My name is Will Bell, I run a small mortgage broker business in Melbourne. I guess you could say I’ve got front row seats to the spectacle that is the property market. We see property market boom followed by property market boom.
In my mind history is set to repeat. I think we will have a property boom in the coming years. In this series I will explore the reasons why I have come to this position. Most of this can be boiled down to pretty simple stuff and hopefully I can distill it down to simple, easy to understand stuff.
The apartment market saga
Unless you’ve been living under a rock in 2019 you could not have missed the apartment saga. Apartment owners are being forced to fork out shit loads of money for apartments that have been constructed with some serious defaults.A
It all started with the Opal Tower. It had taken years to get here. Years of politicians slowly but surely deregulating on behalf of their friends in the construction game.
Opal Tower residents were left in temporary accommodation after engineers deemed certain apartments not safe to occupy. Just a few months later it was the Mascot Towers almost a stone’s throw away. Since then contagion has set in. A number of apartment buildings have been identified with major defaults.
An ABC investigative report from August has some serious claims. Of all the apartments built since the year 2000 most have defects. It’s not unusual for the media to ham things up but this problem will get worse before it gets better.
Victorian Premier Daniel Andrews promised to fork out $600m but it looks like school play money compared to what’s required.
Anyway, this is going to have a disastrous effect on apartment prices. Especially since a large proportion of all apartments have been built between 2000 and now.
You might think this will drive prices down. Yes, you would be correct. It will drive those apartments down. Unfortunately, it also drives down the overall housing supply.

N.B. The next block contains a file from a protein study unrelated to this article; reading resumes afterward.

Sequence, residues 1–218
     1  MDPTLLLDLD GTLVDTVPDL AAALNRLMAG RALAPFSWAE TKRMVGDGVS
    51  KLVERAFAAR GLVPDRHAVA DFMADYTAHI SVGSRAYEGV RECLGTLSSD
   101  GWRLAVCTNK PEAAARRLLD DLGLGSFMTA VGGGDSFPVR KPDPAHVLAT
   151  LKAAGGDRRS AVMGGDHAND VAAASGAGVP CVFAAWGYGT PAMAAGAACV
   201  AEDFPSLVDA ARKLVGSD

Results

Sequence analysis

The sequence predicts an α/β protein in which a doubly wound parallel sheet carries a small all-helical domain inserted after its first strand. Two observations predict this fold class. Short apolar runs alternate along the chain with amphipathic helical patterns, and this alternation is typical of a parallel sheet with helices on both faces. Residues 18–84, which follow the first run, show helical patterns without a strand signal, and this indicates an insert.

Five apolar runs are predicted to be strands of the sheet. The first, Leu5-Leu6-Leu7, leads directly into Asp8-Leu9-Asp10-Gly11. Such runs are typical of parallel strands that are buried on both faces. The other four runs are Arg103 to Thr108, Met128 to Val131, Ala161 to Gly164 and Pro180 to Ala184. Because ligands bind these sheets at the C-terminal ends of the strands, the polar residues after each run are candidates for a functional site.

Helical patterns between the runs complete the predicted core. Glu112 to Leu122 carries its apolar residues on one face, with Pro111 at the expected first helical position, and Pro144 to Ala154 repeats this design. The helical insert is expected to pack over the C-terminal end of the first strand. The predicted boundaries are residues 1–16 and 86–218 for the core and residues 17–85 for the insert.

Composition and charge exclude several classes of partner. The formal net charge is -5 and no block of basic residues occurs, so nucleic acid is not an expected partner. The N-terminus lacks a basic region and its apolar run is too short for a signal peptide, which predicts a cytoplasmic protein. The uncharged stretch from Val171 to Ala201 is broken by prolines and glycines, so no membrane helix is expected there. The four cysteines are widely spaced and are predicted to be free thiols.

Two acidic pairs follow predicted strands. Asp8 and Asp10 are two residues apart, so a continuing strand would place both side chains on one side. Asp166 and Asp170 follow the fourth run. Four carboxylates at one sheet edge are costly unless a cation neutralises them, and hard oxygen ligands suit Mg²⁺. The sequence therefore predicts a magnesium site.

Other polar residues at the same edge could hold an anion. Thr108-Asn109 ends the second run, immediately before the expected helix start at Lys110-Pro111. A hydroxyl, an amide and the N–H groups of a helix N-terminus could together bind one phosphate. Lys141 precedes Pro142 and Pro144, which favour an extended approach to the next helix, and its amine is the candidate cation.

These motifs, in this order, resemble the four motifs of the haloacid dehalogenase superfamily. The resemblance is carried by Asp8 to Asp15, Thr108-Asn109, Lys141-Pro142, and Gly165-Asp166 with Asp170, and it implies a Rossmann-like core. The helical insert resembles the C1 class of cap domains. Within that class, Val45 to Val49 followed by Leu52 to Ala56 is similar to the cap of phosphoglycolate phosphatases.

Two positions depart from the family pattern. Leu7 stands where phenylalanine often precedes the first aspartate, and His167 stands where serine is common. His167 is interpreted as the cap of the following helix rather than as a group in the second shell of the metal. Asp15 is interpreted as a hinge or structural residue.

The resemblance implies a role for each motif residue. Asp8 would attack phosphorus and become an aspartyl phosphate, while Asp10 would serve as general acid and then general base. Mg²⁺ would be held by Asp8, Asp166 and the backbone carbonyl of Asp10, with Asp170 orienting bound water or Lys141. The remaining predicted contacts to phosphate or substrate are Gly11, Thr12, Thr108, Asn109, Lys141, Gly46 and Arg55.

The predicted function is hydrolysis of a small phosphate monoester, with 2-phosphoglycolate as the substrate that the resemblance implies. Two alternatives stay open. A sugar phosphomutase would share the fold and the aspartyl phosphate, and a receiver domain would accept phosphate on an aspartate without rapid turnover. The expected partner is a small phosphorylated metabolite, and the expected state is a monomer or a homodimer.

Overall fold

But people still need places to live, the demand is still there. That demand will go toward the apartment blocks that buyers can be confident of the construction quality.
In any market, whether it be property or not, when demand outweighs supply prices will rise. This is economics 101, you were probably taught this in school. When the market is prepared to pay more for an apartment it means the developer can pay more for the land.
Once land increases in one suburb it soon spreads to the next closest suburbs. It causes a ripple and its why suburbs on the outskirts peak long after the inner-city suburbs. Add our record population growth to the mix and you have a recipe for strong demand versus low supply. That is what you get in a boom market.
If you take a step back and look at this from an investor point of view there are some things that stand out. Renters will be prepared to pay more for good safe apartments. Another thing is there will be more competition due to less safe apartments which will further drive up rents. Higher returns mean a higher asset price. In other words, investors will be prepared to pay higher prices. Investors dominate the apartment housing market so this just pushing the market up from a different angle
I have not heard this idea mentioned in the media. People want to explain something like a property boom on a couple of basic factors. The reality is there are many factors that all play off each other and I see this future apartment housing shortage as something that will help push the market to boom times.
That’s for Part 1 of the “Why The Property Market Will Boom” series. Tune in next time for when I explain The Dubai Effect. I’ll give you a clue. It pushes the supply of money, I’ll be mentioning frequently on how the supply of money and credit influences the value of land.
We’re already seeing it hit the top end of Melbourne and Sydney markets.
Will Bell Mortgage Broker is a mortgage and finance broker based in Melbourne specializing in residential home loans. Will is all about the average Australian understanding just enough of the broader economy to take action on your own personal economy. He is the host of the My Personal Economy Podcast.
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